Engagement system 17 includes a pair of restrictor cleats 40, 50 at the proximal end 26 of legs 31, 33. Legs 31, 33 have inner walls 31 a, 33 a (FIG. 2B), respectively, that define a slot opening 35 therebetween extending from proximal end 26 to a distal chamber 60. Located within chamber 60 is a winding post 62. The open sides of slot opening 35 provide easy access to winding post 62 to aid in threading suture 10 around post 62, though the sides need not be open. Cleats 40, 50 act to selectively restrict passage of suture 10 through opening 35, as described further below.

As shown in FIG. 2D, winding post 62 extends into chamber 60 from a wall 61 at a back side 16 b of anchor 16. Winding post 62 and wall 61 are tapered inwardly toward distal tip 15 to provide a smooth, tapered distal portion. Chamber 60 circumscribes winding post 62, and is open at a front side 16 a of the bone anchor to aid in threading suture 10 through anchor 16. Suture 10 is threaded through anchor 16 such that the suture passes through cleat 50 and opening 35, into interior chamber 60 and around winding post 62, then through opening 35 and cleat 40. Winding post 62 contacts and retains suture 10 within interior chamber 60, and is of sufficient mechanical strength to withstand tension applied to suture 10.

Referring to FIGS. 2B and 2C, cleat 40 is formed by an opposing pair of protrusions 40 a having proximal faces 42, 44 that define a narrower portion 35 a of channel 35 therebetween, and distal faces 46, 48 that define a wider, sloped portion 35 b of channel 35 therebetween. Cleat 50 is oriented opposite of cleat 40 with an opposing pair of protrusions 50 a having distal faces 52, 54 that define a narrower portion 35 c of channel 35 therebetween, and proximal faces 56, 58 that define a wider, sloped portion 35 d of channel 35 therebetween. Proximal faces 42, 44 have opposing edges 43, 45 (defined by the proximal corners of faces 42, 44), and distal faces 52, 54 have opposing edges 53, 55 (defined by the distal corners of faces 52, 54). Each opposing pair of edges 43, 45 and 53, 55 is separated by a separation distance that is substantially equal to or smaller than the diameter of suture 10.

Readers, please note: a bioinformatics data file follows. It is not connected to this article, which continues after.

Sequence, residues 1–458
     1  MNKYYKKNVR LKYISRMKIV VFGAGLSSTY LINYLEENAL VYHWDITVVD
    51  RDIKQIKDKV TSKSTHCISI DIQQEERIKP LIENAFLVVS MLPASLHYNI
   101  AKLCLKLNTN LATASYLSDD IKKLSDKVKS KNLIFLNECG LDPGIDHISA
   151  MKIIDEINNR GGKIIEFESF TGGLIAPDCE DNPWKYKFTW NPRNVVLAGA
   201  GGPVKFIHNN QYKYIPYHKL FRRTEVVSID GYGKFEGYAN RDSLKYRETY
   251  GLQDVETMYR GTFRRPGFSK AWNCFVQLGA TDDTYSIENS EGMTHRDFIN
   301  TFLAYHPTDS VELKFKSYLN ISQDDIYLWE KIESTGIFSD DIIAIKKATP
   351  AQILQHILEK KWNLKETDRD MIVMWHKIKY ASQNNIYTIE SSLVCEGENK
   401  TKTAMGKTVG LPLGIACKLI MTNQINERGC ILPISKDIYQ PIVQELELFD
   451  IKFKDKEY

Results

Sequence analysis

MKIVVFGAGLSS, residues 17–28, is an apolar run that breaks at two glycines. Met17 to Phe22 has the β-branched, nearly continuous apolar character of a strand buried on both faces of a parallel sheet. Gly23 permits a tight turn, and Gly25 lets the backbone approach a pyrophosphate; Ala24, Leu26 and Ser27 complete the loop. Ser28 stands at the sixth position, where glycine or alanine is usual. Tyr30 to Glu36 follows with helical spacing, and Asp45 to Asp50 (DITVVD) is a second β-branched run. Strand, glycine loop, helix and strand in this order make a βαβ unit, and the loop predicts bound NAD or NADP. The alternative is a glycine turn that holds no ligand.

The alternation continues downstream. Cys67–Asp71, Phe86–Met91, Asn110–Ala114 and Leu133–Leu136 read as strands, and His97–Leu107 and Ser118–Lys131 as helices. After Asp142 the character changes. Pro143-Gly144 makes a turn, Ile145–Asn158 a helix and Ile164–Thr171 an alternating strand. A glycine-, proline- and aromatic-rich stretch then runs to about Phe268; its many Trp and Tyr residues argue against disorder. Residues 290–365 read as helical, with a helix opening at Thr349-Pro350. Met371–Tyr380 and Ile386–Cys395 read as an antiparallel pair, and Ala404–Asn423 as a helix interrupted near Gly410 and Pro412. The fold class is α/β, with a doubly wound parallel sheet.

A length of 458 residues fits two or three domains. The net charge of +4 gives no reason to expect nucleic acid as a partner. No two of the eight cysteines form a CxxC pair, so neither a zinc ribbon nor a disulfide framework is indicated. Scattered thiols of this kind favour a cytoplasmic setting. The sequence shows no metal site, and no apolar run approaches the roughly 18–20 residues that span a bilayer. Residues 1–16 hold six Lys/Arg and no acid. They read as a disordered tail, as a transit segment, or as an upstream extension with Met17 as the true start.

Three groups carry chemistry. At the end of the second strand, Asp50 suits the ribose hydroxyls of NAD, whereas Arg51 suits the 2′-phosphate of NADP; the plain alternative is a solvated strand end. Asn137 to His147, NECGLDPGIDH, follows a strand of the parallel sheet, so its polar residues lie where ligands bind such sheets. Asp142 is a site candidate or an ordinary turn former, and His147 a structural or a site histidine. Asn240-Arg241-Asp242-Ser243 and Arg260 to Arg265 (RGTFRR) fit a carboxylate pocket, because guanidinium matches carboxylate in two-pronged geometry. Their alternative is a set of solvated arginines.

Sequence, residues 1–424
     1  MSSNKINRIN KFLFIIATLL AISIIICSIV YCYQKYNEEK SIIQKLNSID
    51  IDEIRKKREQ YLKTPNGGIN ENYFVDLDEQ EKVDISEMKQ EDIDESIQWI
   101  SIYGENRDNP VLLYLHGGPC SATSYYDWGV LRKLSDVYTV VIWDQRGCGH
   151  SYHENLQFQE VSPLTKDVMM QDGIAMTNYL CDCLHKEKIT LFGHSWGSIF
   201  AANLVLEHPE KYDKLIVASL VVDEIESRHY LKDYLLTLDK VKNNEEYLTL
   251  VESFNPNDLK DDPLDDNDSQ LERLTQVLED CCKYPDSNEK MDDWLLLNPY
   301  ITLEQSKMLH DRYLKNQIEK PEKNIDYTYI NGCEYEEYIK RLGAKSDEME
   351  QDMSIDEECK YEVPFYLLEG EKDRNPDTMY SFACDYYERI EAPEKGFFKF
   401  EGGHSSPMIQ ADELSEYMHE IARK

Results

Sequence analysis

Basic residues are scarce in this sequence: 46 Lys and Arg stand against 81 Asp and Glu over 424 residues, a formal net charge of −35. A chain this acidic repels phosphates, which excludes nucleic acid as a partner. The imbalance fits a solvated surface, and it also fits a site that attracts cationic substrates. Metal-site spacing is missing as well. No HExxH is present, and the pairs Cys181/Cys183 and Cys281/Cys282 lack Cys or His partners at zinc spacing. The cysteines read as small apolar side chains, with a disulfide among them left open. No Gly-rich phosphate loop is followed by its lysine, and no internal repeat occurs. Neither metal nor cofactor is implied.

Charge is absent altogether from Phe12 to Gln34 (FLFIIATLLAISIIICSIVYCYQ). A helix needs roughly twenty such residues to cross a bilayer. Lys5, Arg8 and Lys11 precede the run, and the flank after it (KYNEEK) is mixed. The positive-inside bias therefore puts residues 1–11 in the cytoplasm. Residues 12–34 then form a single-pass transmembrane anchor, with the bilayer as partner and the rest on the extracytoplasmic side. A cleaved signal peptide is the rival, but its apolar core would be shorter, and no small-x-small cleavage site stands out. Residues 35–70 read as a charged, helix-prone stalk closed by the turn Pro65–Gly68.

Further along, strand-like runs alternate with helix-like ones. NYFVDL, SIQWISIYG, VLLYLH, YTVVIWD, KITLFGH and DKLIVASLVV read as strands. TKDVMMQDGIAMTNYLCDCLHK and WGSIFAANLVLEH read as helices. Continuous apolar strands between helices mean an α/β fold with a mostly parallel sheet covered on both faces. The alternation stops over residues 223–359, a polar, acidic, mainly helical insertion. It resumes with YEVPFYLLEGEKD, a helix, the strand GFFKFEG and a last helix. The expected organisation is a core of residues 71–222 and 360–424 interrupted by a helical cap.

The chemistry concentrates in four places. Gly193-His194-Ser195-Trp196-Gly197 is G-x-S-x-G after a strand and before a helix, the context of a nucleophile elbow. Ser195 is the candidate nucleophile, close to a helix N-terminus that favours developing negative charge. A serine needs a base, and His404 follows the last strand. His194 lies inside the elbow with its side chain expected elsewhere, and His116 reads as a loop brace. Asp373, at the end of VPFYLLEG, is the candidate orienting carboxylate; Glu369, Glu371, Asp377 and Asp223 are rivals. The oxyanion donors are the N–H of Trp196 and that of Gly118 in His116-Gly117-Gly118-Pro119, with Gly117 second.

Movement of suture 10 through sloped portions 35 b, 35 d of cleats 40, 50 acts to compress the suture such that the suture can pass through narrower portions 35 a, 35 c, respectively, when pulled in the direction of arrow 70 (FIG. 1). However, loosening of suture 10 (passage of suture 10 through the cleats in a direction opposite arrow 70) is limited by opposing edges 43, 45 and 53, 55 catching on uncompressed suture 10 such that the suture does not pass through the cleats. In effect, cleats 40, 50 form a one-way passage.